Taxing SA's super rich: 'I object to the new 45% top tax'

2017-03-06 19:27
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*This article has been updated with an explanation of the 45% marginal tax rate.

Cape Town -  A Fin24 user impacted by the new upper tax bracket is of the view that an increase in Value-Added Tax should rather have been instituted.

Finance Minister Pravin Gordhan in his 2017 Budget Overview instituted an upper tax bracket, whereby individuals who earn above R1.5m per year will be taxed at a rate of 45%.  

READ: Budget 2017: The wealthy will pay more

"Government really killed the golden goose by the actions taken in the 2017 budget," wrote the user. "The right track should have been a VAT increase".

A number of tax experts and analysts have in the aftermath of Gordhan’s Budget Speech, said a VAT hike would have been a far better way of revenue collection for government.

The Fin24 user suggested that taxpayers be allowed to operate in a transparent and open market economy instead of being "milked with exorbitant tax rates to support a bloated government with continued wasteful expenditure".

This view was shared by a reader responding to Fin24 in a tweet. "The big problem is that the funds are not used appropriately."

Another reader warned: "The majority of this group are generally specialists - top sports people, very good business people - they will consider other options."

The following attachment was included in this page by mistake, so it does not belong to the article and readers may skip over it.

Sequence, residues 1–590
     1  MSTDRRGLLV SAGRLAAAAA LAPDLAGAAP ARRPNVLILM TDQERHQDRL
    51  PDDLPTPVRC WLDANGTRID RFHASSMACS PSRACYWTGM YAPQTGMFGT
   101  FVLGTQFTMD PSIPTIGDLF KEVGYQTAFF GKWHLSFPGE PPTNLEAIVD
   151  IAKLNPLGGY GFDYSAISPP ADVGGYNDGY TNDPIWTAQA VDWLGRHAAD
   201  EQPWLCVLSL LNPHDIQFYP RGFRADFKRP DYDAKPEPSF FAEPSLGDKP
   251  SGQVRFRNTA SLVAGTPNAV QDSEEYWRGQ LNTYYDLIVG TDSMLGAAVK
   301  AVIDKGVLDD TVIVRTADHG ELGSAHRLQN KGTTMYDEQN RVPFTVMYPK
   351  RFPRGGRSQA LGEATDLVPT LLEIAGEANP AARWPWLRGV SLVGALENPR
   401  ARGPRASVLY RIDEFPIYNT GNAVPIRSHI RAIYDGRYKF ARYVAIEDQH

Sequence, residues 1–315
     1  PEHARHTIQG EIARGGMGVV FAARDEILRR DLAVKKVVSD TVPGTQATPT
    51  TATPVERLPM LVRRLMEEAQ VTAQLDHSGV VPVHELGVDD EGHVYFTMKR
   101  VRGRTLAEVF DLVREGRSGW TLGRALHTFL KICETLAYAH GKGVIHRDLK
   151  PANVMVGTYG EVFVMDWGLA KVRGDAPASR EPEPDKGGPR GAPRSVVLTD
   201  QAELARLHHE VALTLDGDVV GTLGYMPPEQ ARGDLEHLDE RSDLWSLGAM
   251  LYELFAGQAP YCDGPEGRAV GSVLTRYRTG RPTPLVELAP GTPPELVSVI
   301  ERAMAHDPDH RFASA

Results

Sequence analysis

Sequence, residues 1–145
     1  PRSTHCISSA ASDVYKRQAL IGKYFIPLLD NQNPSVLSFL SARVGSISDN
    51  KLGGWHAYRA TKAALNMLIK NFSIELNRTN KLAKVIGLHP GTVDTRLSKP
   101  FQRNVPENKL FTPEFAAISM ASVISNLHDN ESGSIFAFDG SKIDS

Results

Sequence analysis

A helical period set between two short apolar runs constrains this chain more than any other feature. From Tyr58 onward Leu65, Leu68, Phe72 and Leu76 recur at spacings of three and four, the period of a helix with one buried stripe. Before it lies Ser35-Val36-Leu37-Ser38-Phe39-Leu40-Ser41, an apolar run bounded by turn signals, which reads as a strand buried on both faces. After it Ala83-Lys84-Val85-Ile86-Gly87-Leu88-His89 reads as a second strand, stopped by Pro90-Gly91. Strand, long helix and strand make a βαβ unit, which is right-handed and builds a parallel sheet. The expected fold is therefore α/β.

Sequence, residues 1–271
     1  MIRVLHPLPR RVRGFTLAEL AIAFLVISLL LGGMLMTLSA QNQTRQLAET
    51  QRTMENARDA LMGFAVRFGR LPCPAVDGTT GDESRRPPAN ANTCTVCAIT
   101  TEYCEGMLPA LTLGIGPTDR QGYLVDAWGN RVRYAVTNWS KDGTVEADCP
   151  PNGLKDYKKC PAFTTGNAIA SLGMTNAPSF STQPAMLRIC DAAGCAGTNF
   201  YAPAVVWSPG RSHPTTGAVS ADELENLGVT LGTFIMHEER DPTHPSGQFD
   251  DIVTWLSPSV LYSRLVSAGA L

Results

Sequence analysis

In a snap poll on Twitter, 61% of the respondents indicated that South Africa's tax mix is not appropriate, while 18% said it was.

Other Fin24 users have described the new tax rate for South Africa's super rich as a major disincentive, while appealing not to relegate high earners to enemy ranks.

How the marginal tax rate works

*Explanation by Fin24 user Paul Joubert:

An ordinary taxpayer who had taxable income of R1.5m in the 2016/17 tax year would have paid R534 431 in income tax in that year, and if the person has taxable income of R1.5m in 2017/18 again, the person will be paying R533 625 in 2017/18. Those are effective tax rates of 35.63% and 35.58% respectively.

An ordinary taxpayer who had taxable income of R3m in the 2016/17 tax year would have paid R1 149 431 in income tax in that year, and if the person has taxable income of R3m in 2017/18 again, the person will be paying R1 208 625 in 2017/18. Those are effective tax rates of 38.31% and 40.29% respectively.

The 45% tax, like all the other marginal tax rates, is only levied on the portion of income that is above a certain threshold. It therefore has no effect on people earning R1.5m, only those who earn more than R1.5m.

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